Yet Another Introductory Number Theory Textbook (Cryptology Emphasis Version)

Yet Another Introductory Number Theory Textbook (Cryptology Emphasis Version)

An introduction to number theory covering basics, congruences, primes, the Chinese Remainder Theorem, Wilson's Theorem, Fermat's Little Theorem, Euler's Phi function, etc.

Publication date: 07 May 2014

ISBN-10: n/a

ISBN-13: n/a

Paperback: 128 pages

Views: 2,248

Type: Textbook

Publisher: Lulu.com

License: Creative Commons Attribution-ShareAlike 4.0 International

Post time: 15 Jun 2017 02:00:00

Yet Another Introductory Number Theory Textbook (Cryptology Emphasis Version)

Yet Another Introductory Number Theory Textbook (Cryptology Emphasis Version) An introduction to number theory covering basics, congruences, primes, the Chinese Remainder Theorem, Wilson's Theorem, Fermat's Little Theorem, Euler's Phi function, etc.
Tag(s): Number Theory
Publication date: 07 May 2014
ISBN-10: n/a
ISBN-13: n/a
Paperback: 128 pages
Views: 2,248
Document Type: Textbook
Publisher: Lulu.com
License: Creative Commons Attribution-ShareAlike 4.0 International
Post time: 15 Jun 2017 02:00:00
Summary/Excerpts of (and not a substitute for) the Creative Commons Attribution-ShareAlike 4.0 International:
You are free to:

Share — copy and redistribute the material in any medium or format
Adapt — remix, transform, and build upon the material for any purpose, even commercially.

The licensor cannot revoke these freedoms as long as you follow the license terms.

Click here to read the full license.
From the Release Notes:
Jonathan A. Poritz wrote:This version of YAINTT has a particular emphasis on connections to cryptology. The cryptologic material appears in Chapter 4 and §§ 5.5 and 5.6, arising naturally (I hope) out of the ambient number theory. The main cryptologic applications – being the RSA cryptosystem, Diffie-Hellman key exchange, and the ElGamal cryptosystem – come out so naturally from considerations of Euler’s Theorem, primitive roots, and indices that it renders quite ironic G.H. Hardy’s assertion [Har05] of the purity and eternal inapplicability of number theory.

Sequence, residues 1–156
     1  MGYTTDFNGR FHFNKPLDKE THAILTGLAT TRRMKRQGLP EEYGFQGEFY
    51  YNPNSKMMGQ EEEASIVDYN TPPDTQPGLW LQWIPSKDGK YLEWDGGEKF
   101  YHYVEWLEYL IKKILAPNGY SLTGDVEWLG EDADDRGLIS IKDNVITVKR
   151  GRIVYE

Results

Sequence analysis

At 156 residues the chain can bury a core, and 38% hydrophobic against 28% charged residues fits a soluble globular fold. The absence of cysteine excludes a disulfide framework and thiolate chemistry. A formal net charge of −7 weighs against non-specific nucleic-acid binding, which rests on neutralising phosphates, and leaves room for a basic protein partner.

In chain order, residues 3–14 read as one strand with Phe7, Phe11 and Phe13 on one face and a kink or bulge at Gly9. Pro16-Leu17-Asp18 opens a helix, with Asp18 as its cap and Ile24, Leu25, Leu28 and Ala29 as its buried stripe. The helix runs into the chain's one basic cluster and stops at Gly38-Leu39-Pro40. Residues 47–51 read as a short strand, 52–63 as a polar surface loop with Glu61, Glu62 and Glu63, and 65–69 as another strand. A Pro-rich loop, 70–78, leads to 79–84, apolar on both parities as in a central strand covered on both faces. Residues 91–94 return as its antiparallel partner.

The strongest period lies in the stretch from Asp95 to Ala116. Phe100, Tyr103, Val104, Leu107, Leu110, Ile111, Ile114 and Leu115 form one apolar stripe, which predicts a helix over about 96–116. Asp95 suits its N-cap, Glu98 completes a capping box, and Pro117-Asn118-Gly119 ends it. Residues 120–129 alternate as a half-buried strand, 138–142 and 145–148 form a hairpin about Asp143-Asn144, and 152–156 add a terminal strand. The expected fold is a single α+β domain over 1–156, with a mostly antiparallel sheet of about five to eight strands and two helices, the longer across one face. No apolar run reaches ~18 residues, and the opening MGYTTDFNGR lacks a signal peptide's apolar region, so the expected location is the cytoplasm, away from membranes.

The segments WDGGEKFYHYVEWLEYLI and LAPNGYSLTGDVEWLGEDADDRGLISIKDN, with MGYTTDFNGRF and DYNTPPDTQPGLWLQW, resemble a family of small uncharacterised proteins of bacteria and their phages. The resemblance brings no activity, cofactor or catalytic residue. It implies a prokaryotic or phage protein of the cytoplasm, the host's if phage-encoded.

Note, however, that once we broach the subject of these cryptologic algorithms, we take the time to make careful definitions for many cryptological concepts and to develop some related ideas of cryptology which have much more tenuous connections to the topic of number theory. This material therefore has something of a different flavor from the rest of the text – as is true of all scholarly work in cryptology (indeed, perhaps in all of computer science), which is clearly a discipline with a different culture from that of “pure” mathematics. Obviously, these sections could be skipped by an uninterested reader, or remixed away by an instructor for her own particular class approach. 




About The Author(s)


Jonathan A. Poritz (@poritzj) is Associate Professor in the Department of Mathematics and Physics and Data Analyst in the Center for Teaching and Learning, both at Colorado State University – Pueblo, in Pueblo, Colorado, USA.

Jonathan A. Poritz

Jonathan A. Poritz (@poritzj) is Associate Professor in the Department of Mathematics and Physics and Data Analyst in the Center for Teaching and Learning, both at Colorado State University – Pueblo, in Pueblo, Colorado, USA.


Book Categories
Sponsors
Icons8, a free icon pack